U.S. troops have again blocked Russian military convoys in northeastern Syria, the latest in a series of standoffs as the powers vie for control of the oil-rich region, the Voice of America (VOA) broadcaster reported Friday.
Russian and U.S. forces have faced off in Syria’s Hasakah region, an area rich in oil fields, several times in the past month. Both countries maintain bases in northeastern Syria.
A VOA reporter saw U.S. Humvees patrolling one of the two towns that, along with a highway, have become a dividing line after Turkey invaded northeastern Syria in October. The outlet did not report any injuries after the latest standoff.
While U.S. troops pulled out from nearby areas after Turkey’s incursion, around 500 American troops remain in the area to protect oil fields and prevent the re-emergence of the Islamic State terrorist group, the U.S.-funded broadcaster reported.
“Verbal altercations took place between both forces and evolved into raising weapons,” the Britain-based Syrian Observatory for Human Rights monitoring group said of a similar standoff in the area earlier last week. It noted that Kurdish forces have stepped in as mediators between Russian and U.S. troops.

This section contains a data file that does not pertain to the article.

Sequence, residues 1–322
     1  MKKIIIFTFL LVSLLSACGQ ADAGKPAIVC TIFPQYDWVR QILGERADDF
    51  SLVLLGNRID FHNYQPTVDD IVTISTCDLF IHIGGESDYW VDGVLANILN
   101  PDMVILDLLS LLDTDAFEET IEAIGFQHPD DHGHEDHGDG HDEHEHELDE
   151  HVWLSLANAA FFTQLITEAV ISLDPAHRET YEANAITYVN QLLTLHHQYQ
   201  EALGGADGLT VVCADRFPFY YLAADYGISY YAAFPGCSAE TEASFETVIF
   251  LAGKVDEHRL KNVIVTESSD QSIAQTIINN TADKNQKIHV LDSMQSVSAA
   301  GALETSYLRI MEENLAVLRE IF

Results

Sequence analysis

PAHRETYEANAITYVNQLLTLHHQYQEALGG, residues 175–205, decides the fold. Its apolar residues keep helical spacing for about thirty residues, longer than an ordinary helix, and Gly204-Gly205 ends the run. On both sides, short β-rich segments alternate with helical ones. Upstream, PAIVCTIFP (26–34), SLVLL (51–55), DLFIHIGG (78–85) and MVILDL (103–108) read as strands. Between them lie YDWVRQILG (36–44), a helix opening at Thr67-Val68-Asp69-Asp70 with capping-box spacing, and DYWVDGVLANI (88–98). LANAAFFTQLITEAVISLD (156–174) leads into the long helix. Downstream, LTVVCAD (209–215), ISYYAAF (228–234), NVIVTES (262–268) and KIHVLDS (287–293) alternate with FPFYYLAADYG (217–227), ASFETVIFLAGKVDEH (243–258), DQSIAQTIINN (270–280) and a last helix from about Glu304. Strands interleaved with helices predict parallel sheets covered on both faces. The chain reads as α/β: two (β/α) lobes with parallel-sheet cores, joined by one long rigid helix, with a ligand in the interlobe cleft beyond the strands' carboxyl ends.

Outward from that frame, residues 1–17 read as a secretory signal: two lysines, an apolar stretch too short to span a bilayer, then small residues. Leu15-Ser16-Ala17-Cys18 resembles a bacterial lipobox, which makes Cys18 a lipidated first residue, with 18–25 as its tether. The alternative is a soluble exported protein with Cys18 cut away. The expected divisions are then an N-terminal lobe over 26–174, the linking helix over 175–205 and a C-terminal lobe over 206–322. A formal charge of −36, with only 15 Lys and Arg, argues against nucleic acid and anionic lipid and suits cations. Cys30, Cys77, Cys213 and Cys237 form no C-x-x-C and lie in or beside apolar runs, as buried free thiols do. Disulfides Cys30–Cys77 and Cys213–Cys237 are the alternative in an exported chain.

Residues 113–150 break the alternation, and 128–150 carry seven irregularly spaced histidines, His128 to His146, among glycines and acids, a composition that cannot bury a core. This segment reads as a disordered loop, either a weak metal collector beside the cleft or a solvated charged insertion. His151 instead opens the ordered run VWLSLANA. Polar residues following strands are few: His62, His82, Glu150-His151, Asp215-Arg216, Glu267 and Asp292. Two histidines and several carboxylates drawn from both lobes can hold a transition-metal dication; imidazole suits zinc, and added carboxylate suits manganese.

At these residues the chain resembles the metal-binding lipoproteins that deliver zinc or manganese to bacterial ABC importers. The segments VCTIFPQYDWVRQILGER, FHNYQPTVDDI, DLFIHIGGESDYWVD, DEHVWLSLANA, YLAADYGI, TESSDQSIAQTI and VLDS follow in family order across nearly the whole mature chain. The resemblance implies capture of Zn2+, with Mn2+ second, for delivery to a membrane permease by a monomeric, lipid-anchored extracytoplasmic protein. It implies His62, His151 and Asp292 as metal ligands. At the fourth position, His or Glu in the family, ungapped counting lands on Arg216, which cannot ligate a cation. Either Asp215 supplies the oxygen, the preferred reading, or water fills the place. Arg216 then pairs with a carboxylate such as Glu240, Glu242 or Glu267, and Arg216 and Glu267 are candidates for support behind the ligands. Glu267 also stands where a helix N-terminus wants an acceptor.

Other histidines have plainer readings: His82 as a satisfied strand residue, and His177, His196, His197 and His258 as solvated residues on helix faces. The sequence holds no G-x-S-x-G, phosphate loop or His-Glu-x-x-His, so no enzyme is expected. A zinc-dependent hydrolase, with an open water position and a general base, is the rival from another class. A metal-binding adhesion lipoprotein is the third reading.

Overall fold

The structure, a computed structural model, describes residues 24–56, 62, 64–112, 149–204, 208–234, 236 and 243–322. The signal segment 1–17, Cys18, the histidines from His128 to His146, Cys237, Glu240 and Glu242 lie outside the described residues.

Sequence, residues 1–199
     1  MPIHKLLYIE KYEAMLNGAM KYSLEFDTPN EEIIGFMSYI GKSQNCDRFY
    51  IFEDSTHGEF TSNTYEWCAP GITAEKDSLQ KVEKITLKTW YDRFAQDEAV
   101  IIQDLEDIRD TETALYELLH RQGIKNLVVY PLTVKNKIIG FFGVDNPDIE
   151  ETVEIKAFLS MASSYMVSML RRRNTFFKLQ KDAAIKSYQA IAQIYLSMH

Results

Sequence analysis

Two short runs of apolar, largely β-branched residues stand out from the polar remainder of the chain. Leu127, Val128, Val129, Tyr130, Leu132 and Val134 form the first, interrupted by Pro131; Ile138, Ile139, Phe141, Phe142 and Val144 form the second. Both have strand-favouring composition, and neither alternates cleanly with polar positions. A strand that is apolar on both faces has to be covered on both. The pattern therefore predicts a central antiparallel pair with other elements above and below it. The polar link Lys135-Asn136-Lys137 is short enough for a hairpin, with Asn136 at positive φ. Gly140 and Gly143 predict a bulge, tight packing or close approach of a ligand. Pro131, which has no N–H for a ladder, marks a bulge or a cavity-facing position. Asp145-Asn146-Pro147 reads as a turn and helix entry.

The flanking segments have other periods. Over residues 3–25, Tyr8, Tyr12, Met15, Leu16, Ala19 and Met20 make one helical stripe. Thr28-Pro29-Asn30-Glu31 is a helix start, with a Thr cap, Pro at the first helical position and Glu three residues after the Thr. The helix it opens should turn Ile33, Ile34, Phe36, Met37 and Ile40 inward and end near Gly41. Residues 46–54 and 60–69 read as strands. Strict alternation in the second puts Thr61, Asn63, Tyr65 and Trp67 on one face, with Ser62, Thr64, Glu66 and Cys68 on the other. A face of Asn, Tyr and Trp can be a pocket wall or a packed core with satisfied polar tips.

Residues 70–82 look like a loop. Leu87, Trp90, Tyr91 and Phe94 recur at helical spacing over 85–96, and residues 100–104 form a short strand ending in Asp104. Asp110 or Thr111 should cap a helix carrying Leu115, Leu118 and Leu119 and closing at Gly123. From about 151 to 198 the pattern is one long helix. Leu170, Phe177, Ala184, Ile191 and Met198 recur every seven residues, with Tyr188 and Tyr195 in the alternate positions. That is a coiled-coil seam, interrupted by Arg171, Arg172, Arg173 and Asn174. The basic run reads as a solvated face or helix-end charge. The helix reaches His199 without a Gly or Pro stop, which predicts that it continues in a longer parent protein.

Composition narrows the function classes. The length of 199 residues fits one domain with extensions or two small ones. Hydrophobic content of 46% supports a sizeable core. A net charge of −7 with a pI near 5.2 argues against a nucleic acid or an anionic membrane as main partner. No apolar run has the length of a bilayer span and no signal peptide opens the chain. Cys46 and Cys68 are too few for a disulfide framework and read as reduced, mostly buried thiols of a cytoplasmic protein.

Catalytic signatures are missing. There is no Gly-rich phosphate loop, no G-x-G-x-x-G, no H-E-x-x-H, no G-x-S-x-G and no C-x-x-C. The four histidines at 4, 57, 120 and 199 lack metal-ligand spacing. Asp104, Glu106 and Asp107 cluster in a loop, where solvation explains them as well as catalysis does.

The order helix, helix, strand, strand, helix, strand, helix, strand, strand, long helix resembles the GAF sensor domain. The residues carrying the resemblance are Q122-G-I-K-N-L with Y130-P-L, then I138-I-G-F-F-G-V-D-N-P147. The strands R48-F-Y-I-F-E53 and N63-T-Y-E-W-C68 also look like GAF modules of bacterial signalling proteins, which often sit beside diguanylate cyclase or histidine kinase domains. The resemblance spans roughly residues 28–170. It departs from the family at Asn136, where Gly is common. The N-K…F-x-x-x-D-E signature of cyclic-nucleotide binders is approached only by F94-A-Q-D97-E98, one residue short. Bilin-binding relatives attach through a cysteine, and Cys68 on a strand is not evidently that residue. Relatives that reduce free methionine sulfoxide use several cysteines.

The countries’ forces appear “a lot on these roads,” an unnamed resident of the town of al-Malikiyah told VOA.
“They have their own disputes. They block roads here and there,” the resident was quoted as saying Friday.
U.S. officials have described the series of incidents as Russian troops “always testing us.”
The two countries have experienced “hiccups” in their military deconfliction efforts in Syria, James Jeffrey, the U.S. special envoy for Syrian engagement and the anti-Islamic State coalition, said last month.
Russia has waged an air and sea campaign in support of Syrian President Bashar al-Assad since 2015 as Moscow's Middle East ally has grappled with a years-long civil war. The U.S.-led coalition deployed into the war-torn country in 2014.
Islamic State is a terrorist group banned in Russia.